Oligonucleotide probes (Invitrogen, Paisley, United Kingdom) were designed, diluted to 20 μM in water, and applied to a nylon membrane (Osmonics, Minnetonka, Minn.) by use of a handheld arraying device (VP Scientific, San Diego, Calif.). Probes were UV cross-linked to the nylon membrane. Two arrays were used consecutively in this study. The first macroarray (an MDRTB screening array) was designed to detect mutant genotypes at katG315, the inhA locus, and the rpoB locus associated with rifampin resistance, as shown in Fig. Fig.1,1, by use of the probes K315WTC, K315GC, TOMIWT, TOMIMUT1, MRURP3, MRURP6, MRURP9, MRURP12, MRURP17, and MRURP22 (Table (Table1).1). The second, an rpoB macroarray, was designed to detect and analyze mutations in rpoB, only in more detail, as shown in Fig. Fig.11 (panel 2), and consisted of 27 probes, MRURP1 to MRURP27 (Table (Table11).

FIG. 1.
Macroarray design. (Panel 1) MDRTB screening array and examples of arrays hybridized with labeled PCR products. (A and B) Duplicate hybridized arrays showing WT rpoB, katG, and inhA genotypes, indicative of a rifampin- and isoniazid-susceptible isolate. ...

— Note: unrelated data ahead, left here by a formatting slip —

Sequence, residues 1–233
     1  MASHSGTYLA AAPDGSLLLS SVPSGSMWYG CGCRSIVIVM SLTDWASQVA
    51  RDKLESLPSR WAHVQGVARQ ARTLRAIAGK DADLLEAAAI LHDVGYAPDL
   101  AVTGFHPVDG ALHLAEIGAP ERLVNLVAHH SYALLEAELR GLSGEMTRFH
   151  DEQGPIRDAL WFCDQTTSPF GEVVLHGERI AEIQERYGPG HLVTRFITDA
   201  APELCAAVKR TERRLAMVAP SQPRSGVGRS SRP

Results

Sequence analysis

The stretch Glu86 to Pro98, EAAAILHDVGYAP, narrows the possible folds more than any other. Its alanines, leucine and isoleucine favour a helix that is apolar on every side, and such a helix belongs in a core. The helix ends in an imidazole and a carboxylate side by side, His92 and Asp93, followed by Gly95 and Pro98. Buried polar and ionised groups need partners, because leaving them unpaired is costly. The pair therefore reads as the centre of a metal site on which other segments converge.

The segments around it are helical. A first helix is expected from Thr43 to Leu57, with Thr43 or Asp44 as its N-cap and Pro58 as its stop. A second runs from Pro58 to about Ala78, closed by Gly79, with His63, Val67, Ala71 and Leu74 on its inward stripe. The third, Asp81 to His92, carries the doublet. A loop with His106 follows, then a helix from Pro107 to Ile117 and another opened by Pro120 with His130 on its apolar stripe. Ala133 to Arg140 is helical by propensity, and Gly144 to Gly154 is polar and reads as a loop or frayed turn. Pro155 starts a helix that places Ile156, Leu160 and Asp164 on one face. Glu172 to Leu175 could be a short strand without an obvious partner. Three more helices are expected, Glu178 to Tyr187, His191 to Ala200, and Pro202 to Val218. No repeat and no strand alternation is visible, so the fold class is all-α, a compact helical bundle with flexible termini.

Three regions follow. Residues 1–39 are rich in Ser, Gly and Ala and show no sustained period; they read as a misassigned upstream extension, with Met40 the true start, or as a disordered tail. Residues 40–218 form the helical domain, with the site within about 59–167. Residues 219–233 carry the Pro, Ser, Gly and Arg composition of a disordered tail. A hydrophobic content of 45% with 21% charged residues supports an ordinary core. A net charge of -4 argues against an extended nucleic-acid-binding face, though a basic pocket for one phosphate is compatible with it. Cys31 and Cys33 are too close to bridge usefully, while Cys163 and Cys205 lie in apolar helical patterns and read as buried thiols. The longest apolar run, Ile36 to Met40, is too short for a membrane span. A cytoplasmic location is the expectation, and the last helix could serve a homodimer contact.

(iii) Reverse hybridization.

Biotin-labeled PCR products were denatured by the addition of an equal volume of denaturation solution (0.4 M NaOH, 0.02 M EDTA) and incubation at room temperature for 15 min. A 20-μl aliquot of the denatured PCR was added to a polyethylene tube containing an array and 500 μl of hybridization solution (5× SSPE [1× SSPE is 0.18 M NaCl, 10 mM Na2PO4, and 1 mM EDTA {pH 7.7}]; 0.5% sodium dodecyl sulfate), which was agitated in a hybridization oven at 62°C for 30 min. Membranes were then washed twice in a wash solution (0.1 M Tris, 0.1 M NaCl [pH 7.5]) and once in a wash solution containing 0.1% blocking reagent (Roche, Lewes, United Kingdom) before being incubated for 30 min with a 1/100 dilution of streptavidin-alkaline phosphatase conjugate (BioGenex, San Ramon, Calif.). The membranes were then washed twice in the wash solution without blocking reagent before being incubated for 30 min with NBT-BCIP (45 μl of nitroblue tetrazolium [U.S. Biochemicals, Cleveland, Ohio] at a 75-mg/ml concentration in dimethylformamide and 5-bromo-4-chloro-3-indolyl phosphate [U.S. Biochemicals] at a 50-mg/ml concentration in dimethylformamide) in a light-proof container. The membranes were washed in water before being air dried, and the hybridization patterns were noted.

(iv) Interpretation.